Henry Moore, Two Black Forms, Metal Figures, 1973, Signed, Lithograph on TH Saunders paper, Edition 63/80, 34" x 28" Framed Size, 23" x 17 1/2" Sheet Size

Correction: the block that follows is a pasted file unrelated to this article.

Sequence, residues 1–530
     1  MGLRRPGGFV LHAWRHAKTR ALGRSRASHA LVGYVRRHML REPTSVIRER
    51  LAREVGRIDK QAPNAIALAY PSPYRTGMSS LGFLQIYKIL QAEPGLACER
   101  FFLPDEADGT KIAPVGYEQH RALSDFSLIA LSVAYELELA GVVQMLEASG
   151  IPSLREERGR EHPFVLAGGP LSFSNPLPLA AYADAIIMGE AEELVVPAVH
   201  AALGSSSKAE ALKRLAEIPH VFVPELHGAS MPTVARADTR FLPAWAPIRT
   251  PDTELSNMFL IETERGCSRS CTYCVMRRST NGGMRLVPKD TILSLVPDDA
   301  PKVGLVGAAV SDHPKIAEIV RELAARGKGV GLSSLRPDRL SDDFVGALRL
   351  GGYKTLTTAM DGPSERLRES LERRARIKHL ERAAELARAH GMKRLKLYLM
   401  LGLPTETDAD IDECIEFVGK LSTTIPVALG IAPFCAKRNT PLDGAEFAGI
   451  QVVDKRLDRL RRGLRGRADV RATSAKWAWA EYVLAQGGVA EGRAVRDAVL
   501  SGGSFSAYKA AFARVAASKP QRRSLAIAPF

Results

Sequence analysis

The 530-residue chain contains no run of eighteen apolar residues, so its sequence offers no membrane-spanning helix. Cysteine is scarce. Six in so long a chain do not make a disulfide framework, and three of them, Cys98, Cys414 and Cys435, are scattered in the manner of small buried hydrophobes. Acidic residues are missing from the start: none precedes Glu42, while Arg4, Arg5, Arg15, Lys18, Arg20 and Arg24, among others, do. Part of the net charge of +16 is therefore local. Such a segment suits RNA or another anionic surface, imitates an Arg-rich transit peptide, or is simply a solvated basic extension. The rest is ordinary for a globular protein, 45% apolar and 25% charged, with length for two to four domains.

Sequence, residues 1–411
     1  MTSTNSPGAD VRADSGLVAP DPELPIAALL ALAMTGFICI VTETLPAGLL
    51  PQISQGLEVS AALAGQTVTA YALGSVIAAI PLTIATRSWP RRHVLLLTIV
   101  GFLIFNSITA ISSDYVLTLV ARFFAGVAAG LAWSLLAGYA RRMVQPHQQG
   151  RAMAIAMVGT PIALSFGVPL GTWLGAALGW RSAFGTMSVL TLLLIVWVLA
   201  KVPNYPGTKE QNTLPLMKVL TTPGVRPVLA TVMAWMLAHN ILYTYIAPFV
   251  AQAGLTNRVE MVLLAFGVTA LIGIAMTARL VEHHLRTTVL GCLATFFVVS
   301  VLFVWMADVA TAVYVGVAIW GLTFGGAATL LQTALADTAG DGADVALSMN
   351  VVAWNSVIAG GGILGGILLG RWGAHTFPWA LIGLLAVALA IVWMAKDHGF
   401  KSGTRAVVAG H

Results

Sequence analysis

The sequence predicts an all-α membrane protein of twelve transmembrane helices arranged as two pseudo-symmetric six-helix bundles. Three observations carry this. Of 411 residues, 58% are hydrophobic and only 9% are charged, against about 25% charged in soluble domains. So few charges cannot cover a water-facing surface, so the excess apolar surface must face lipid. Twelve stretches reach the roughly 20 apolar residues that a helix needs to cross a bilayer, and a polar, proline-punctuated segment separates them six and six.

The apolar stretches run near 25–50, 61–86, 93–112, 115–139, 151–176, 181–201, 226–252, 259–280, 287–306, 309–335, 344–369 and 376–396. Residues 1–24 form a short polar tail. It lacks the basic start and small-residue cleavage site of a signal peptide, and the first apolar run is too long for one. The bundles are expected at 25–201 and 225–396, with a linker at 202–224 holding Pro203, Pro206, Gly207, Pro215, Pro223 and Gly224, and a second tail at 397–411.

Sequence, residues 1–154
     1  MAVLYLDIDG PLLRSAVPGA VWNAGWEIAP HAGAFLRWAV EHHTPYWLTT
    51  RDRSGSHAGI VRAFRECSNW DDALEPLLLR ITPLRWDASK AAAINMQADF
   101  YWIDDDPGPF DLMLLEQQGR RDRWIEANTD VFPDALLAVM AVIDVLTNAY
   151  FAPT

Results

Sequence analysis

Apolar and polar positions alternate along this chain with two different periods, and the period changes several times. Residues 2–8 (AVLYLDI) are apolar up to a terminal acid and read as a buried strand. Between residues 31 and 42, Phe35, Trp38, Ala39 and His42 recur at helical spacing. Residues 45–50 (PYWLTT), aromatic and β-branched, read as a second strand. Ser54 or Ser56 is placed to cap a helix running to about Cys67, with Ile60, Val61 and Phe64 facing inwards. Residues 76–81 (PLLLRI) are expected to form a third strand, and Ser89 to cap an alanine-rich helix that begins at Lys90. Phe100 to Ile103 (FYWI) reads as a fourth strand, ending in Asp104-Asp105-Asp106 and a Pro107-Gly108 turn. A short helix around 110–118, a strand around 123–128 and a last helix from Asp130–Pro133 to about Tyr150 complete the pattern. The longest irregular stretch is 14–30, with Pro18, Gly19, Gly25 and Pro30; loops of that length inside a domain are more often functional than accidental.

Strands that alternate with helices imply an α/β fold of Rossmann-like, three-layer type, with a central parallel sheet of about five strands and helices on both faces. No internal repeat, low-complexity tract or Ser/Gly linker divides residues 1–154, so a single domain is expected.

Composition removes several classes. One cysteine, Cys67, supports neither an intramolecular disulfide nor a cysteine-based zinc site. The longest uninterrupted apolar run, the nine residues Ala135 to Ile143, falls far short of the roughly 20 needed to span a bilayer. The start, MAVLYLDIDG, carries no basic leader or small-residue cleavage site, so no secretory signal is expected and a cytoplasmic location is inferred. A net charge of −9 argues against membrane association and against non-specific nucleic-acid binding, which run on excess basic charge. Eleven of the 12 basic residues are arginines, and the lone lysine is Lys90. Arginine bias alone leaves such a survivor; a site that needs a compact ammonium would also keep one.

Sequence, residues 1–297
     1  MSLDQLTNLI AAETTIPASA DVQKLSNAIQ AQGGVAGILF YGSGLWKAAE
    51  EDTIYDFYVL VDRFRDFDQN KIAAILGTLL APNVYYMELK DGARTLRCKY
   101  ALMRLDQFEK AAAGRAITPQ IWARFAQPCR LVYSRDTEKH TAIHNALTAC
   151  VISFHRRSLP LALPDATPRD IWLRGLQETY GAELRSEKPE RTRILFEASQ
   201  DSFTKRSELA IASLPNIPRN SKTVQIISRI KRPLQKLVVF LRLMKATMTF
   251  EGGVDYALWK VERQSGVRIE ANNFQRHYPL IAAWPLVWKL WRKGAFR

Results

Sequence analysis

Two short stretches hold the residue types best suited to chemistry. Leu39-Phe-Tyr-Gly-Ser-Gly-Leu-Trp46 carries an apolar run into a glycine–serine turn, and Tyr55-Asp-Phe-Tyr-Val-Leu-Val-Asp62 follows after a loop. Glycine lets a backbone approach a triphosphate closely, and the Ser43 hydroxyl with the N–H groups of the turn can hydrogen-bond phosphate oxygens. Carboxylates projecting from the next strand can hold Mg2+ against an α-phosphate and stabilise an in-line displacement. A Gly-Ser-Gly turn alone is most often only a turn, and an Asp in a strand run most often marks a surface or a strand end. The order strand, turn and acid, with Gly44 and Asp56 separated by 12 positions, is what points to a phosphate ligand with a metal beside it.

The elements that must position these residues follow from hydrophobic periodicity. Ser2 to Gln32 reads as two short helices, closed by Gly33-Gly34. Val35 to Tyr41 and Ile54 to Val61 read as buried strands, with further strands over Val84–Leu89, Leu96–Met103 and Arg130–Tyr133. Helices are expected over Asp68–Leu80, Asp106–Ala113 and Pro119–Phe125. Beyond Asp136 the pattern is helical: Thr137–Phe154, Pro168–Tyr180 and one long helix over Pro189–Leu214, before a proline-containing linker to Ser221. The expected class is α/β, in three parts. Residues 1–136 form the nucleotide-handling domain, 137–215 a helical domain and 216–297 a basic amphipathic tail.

Henry Moore was born in 1898 in Castleford, England. As early as elementary school, he began constructing objects out of modeling clay and showed an interest in medieval sculpture. After being injured in a 1917 gas attack in World War I, Moore was awarded a grant to attend Leeds College of Art. In 1921 he enrolled at the Royal College of Art in London, where he was exposed to the sculpture in the ethnographic collections in the British Museum and the Victoria and Albert Museum. He also became familiar with the works of Konstanin Brancusi and Henri Gaudier. Like many artists after 1945, World War II and the effects of the atomic bomb influenced Moore creative output, as he began to sculpt non-descript, elemental forms that are not attributable to any single nationality. His figures gradually became more contorted and abstract, and would eventually result in the popular image of Moore's style: Monumental, bulbous figures and shapes meant for public display. Throughout the 1960s and 1970s, Moore numerous original lithographs, etchings and aquatints. The subject matter remained the unchanged, and while the works were two-dimensional, they still gave the viewer the impression of three-dimensional shapes in the open space. For most of his life, Moore worked in England, and eventually became a trustee of the National Gallery and the Tate Gallery. His outdoor works are on display throughout North America and Europe, as well as in Israel, Australia, and Hong Kong. He died in 1989 in Hertfordshire.